We currently live in a time where the Napa Valley area brings to mind a beautiful landscape and, more importantly, a plethora of good wine. Napa Valley was not always known as the center of good American wine, in fact there used to be no such thing as good American wine. The only good wine came from Europe, from France in particular. Though it wasn’t one single event that gave the Napa Valley it infamous reputation, there was a single event that started it all off. The film Bottleshock takes a look at that event, which has come to be known as “The Judgment of Paris”.
The film, which is based on a true story, opens in two drastically different places. The first is in France where British sommelier and wine shop owner Steven Spurrier (Alan Rickman) is worried about his failing business. Realizing that the majority of his wines are French (which aren’t new to the French), Steven goes on a mission to bring some new wine to France, started with Napa Valley. Steven visits and is impressed with many wineries in the Napa Valley area but the film focuses on one in particular, Chateau Montelena. Chateau Montelena is run by the down on his luck, divorced Jim Barrett (Bill Pullman). Working with his son, Bo Barrett (Chris Pine), his sons friend Gustavo Brambila (Freddy Rodriguez) and their intern Sam Fulton (Rachael Taylor), Barrett bottles many different types of wine but not quite as important as their chardonnay.
Jim Barrett has put everything he has into his winery. He quit a fairly high paying job when his wife left him for one of his partners and sunk all of his money into Chateau Montelena, believing that he could make quality wine. When Steven shows up for a tasting and asks to bring a number of bottles of the chardonnay back to France for a blind taste testing, Jim is immediately suspicious. Believing Steven to be a man whose goal is simply to belittle American wine and prove that Napa Valley has nothing to offer, Jim refuses to sell the man any wine. Almost leaving without a sample of Chateau Montelena’s chardonnay, Bo saves the day by going against his father’s wishes and bringing Steven a couple bottles of the fine vintage. Taking the bottles across the sea and to the French wine tasting, the movie culminates in a tasting and a judging that shocked the winery world and put Napa Valley on the map.
To be quite honest, I picked this movie out at random so I had no idea what to expect when I saw this movie. I found Bottleshock to be a very enjoyable film to watch. Rickman plays the part of the wine snob trying to broaden his horizons beautifully and Pines plays the annoying, but accurate, post-seventies hippie as if he in fact was one himself. Who really surprised me was Bill Pullman.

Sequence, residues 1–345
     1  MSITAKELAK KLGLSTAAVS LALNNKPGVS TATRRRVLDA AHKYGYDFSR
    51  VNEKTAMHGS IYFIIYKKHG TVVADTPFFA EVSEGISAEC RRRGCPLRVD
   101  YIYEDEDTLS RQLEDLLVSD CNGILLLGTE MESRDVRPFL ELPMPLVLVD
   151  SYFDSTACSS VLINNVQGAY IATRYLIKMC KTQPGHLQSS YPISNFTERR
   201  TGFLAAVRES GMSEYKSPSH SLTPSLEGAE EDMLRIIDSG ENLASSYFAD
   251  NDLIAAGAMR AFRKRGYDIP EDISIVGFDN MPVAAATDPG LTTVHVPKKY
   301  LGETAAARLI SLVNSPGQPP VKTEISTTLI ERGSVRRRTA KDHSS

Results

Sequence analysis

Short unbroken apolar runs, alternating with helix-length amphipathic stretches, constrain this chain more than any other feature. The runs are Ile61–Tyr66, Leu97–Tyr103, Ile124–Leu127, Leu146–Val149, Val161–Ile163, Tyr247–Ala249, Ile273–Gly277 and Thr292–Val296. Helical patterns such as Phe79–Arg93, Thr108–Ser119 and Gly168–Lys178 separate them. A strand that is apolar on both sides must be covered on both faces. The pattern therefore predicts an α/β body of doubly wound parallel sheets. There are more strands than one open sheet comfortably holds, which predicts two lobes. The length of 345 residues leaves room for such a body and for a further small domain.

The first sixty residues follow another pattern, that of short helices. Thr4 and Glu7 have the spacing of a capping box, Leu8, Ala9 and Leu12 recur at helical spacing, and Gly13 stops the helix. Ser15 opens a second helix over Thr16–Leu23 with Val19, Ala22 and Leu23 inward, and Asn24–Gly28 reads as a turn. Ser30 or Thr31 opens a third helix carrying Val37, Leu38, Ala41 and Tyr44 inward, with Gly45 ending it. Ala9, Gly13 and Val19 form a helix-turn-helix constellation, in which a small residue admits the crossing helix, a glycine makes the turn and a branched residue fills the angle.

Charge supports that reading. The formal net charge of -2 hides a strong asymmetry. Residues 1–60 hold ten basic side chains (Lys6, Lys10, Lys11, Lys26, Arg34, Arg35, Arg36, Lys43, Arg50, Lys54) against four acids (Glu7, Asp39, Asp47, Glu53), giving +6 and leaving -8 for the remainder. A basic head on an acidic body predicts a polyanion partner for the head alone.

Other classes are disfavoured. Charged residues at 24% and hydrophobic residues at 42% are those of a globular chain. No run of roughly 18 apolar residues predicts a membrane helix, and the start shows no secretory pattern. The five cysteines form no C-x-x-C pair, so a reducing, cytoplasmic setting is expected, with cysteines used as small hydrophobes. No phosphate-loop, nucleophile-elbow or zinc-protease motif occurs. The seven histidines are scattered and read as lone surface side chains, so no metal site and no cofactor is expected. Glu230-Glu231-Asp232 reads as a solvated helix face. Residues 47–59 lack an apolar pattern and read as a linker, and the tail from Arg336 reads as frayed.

I feel that Bill Pullman generally plays the same character and does not show much range in his acting talent. He is not a bad actor by any stretch of the imagination but his performances certainly aren’t Oscar worthy or the driving reason to see a film. His performance in Bottleshock did not show any more depth than most of his performances but somehow, Pullman’s character was the one that really got me to root for Chateau Montelena. After sinking all of his money into the winery, something that most of his peers and colleagues thinks is bad decision, Jim Barrett just wants to make the best wine that he possibly can; it is a labor of love. As things go wrong, or seem to go wrong, and Montelena begins to run out of money forcing Jim to get money in odd places and consider quitting the winery, begging to get his old job back. It is difficult to watch as Jim refuses to participate in Steven’s wine tasting, which could save his winery if the judging come out in his favor, but at the same time it makes sense why Jim is wary to participate. He is afraid that Steven is trying to take something that Jim is proud of and make a mockery of it.
I would recommend this film to anybody that likes wine and anybody who likes good, humorous, light hearted films. Funny and engaging, this is a film that I would have never watched if it weren’t for this blog and I am very glad I did. I give this film a 4 out of 5 for entertainment value and, as far as being a well shot, well acted, well scripted film, give it a 3 out of 5. With an overall 7 out of 10, this is a great film to watch if you’re bored and looking for something to do.